Dr Stephen John Middleton MA MD FRCP FAHE
Gastro-oesophageal reflux disorder
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This is a common condition affecting approximately 10% of the population...
...and often causes the symptom of heart burn. The absence of heartburn however does not exclude reflux as many people have reflux without any symptoms at all. This so called “silent reflux” can be a problem as people are not aware and do not seek medical advice and treatment.
It has recently been realised that reflux can cause other conditions...
...such as a particular type of dental erosion, a dry persistent cough and also it may provoke asthma. In response to the presence of acid in the oesophagus the lining changes to become more like that of the stomach. This is called Barrett’s oesophagus after the person who described it. Although this can reduce the damage and the sensation of heartburn it causes a slight increase in the likelihood of developing oesophageal cancer so patients with this condition are often screened for early changes so that treatment can be given to prevent cancer developing.
The cause of reflux is not fully understood.
It is widely believed to be the result of a defective valve at the bottom end of the oesophagus which seems to relax too easily and at the wrong time and may also sometimes be very weak thus failing to stop the acid rising from the stomach when the pressure in the stomach is increased. Certain activities increase the pressure in the stomach, in fact anything that involves contraction of the abdominal muscles (tummy muscles) will increase the pressure in the stomach. Some of the worst activities for this are rowing and exercises such as sit ups and weight lifting.
Gastro-oesophageal reflux is often diagnosed on clinical grounds from symptoms...
...reported by patients, but where doubt exists it is possible to measure the amount of reflux. This measurement is called 24 hour ambulatory pH monitoring and can be conducted using a catheter which is passed through the nasal cavity into the oesophagus. This is connected to a recording box and patients are allowed to go home for 24 hours and return the next day when the catheter is removed and the recording box collected. The amount of acid entering the oesophagus is represented on a graph as seen in the illustration below (in last section below). There is a new method of measuring Reflux which is sometimes more convenient for patients and has the added benefit of allowing longer periods of recording without the discomfort of a nasal catheter. This system known as wireless pH monitoring is undertaken using the Medtronic “Bravo” system (in last section below). A small pH detector about the size of a tablet is attached to the side wall of the oesophagus at the time of gastroscopy. This sends wireless signals to the receiver system that the patient keeps on them. The small pH detector with fall off after 10 days or so and passes through the system and out when the patient uses the toilet to be discarded with the other waste. When in position the detector does not usually cause any discomfort.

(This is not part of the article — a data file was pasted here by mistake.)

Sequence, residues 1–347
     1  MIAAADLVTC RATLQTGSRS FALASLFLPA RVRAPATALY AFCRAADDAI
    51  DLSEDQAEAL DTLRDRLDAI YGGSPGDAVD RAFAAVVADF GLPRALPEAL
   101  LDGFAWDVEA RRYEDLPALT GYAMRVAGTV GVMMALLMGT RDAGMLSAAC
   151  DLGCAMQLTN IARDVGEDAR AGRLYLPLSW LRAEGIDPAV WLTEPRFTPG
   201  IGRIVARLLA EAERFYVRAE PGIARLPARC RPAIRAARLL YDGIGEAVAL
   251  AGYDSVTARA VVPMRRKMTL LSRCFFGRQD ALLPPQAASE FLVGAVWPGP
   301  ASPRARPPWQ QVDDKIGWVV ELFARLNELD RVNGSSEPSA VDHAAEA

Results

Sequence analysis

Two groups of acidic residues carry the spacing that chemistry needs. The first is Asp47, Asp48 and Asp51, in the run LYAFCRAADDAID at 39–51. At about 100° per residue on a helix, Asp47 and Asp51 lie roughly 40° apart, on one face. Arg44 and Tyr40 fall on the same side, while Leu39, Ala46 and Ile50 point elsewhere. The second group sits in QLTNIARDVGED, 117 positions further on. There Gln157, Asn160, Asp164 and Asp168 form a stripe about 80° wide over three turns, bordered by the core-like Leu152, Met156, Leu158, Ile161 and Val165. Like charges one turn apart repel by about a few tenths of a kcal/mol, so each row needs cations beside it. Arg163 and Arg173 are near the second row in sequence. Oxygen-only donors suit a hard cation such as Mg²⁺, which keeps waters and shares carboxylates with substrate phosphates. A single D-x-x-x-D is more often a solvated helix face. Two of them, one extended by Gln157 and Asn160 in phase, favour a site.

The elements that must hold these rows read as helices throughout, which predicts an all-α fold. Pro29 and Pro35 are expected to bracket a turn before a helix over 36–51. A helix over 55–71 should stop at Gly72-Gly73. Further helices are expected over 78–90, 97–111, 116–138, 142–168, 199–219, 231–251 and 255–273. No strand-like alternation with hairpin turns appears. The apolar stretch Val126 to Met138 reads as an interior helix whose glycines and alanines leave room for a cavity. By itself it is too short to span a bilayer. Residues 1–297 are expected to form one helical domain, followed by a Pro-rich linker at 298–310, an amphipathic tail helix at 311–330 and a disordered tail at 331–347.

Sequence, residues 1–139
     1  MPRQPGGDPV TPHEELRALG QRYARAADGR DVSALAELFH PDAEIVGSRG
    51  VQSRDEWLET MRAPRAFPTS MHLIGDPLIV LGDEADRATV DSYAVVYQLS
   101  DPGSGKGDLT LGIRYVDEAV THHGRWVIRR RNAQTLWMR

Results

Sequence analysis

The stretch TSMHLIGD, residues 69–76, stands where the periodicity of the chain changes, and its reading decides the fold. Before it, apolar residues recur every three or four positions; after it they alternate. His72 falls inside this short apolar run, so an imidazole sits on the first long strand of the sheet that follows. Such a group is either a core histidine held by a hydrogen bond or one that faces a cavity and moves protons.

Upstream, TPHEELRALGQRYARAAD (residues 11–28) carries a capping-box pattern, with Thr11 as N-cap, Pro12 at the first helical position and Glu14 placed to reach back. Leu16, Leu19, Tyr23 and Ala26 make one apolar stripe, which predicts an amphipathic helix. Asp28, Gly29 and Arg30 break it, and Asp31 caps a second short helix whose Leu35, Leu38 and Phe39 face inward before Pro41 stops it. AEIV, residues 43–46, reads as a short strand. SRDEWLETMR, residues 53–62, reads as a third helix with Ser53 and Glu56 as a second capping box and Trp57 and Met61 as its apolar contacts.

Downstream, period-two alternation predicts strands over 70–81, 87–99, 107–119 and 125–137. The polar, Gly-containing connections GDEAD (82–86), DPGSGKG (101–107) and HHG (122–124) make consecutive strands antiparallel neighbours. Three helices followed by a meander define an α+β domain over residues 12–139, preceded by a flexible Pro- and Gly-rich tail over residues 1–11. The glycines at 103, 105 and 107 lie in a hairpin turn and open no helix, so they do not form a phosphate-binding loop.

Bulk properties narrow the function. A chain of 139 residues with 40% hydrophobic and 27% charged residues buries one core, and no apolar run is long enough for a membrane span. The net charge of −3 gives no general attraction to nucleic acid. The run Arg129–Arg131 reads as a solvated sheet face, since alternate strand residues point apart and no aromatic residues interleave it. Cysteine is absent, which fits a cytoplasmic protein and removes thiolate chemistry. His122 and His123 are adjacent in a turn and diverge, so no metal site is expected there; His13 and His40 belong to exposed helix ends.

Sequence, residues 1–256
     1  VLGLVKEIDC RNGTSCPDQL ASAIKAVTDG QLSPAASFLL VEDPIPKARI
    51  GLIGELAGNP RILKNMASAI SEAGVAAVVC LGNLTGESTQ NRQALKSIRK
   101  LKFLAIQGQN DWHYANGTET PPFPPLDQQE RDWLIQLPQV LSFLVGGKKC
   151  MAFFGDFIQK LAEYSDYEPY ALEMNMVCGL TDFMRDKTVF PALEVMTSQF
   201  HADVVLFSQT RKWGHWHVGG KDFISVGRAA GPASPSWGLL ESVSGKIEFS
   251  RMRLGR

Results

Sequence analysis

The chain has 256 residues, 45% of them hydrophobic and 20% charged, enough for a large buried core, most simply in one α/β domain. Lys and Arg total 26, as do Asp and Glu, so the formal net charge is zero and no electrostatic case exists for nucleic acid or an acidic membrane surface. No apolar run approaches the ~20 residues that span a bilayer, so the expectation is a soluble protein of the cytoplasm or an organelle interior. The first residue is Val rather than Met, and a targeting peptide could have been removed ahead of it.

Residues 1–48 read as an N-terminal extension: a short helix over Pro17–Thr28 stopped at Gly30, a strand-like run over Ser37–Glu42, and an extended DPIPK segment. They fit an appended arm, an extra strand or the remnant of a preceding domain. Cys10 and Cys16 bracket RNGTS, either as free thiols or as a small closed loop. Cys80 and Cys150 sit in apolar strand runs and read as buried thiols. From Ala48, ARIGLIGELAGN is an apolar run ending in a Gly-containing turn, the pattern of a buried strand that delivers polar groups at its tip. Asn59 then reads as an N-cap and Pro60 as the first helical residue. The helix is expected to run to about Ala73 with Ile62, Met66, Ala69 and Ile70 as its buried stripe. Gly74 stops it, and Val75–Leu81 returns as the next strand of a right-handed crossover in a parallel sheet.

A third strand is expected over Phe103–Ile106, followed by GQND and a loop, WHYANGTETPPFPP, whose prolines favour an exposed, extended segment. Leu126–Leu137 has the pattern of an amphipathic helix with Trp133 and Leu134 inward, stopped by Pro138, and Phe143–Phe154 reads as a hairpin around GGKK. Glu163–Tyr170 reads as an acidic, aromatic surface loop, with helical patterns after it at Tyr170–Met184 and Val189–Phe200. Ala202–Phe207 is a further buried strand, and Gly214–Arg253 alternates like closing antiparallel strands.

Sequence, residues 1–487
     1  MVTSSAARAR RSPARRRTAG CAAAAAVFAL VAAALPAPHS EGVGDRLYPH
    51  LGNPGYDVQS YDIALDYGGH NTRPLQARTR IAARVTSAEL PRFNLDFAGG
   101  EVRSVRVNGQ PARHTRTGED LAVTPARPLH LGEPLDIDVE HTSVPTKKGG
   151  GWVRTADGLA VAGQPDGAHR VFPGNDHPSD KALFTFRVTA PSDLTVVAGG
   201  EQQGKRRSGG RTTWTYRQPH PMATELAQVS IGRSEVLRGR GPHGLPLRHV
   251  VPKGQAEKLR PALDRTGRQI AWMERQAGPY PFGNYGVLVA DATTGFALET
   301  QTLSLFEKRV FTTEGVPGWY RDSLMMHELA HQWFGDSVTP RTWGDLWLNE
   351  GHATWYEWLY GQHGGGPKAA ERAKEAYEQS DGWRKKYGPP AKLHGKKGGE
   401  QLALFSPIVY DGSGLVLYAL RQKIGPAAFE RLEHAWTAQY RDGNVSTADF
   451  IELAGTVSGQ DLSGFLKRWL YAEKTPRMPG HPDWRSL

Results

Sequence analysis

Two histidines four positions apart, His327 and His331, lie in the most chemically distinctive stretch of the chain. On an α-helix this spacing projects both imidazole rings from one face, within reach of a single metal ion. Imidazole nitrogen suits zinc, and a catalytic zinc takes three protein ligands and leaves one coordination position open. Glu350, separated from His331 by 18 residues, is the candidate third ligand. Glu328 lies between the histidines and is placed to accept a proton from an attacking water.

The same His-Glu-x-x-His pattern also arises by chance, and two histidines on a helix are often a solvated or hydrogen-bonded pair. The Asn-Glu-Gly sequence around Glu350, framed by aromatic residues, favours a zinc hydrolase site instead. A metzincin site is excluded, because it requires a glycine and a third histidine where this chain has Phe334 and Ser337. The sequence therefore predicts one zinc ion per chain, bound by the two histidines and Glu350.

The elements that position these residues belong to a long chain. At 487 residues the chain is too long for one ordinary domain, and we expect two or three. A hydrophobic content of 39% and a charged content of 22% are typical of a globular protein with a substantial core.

Some patients develop a condition called Barrett’s oesophagus, which makes it slightly more likely to develop oesophageal cancer and these patients should be screened with endoscopy depending upon how much Barrett’s they have.
A 24 hour study of oesophageal pH
The graph below shows a patient with a normal result where there are a low number of reflux episodes recorded in the day time and these are not present at night (indicated by the light blue line). Hover the mouse over the graph to see an abnormal result which demonstrates excessive Gastro-oesophageeal acid reflux.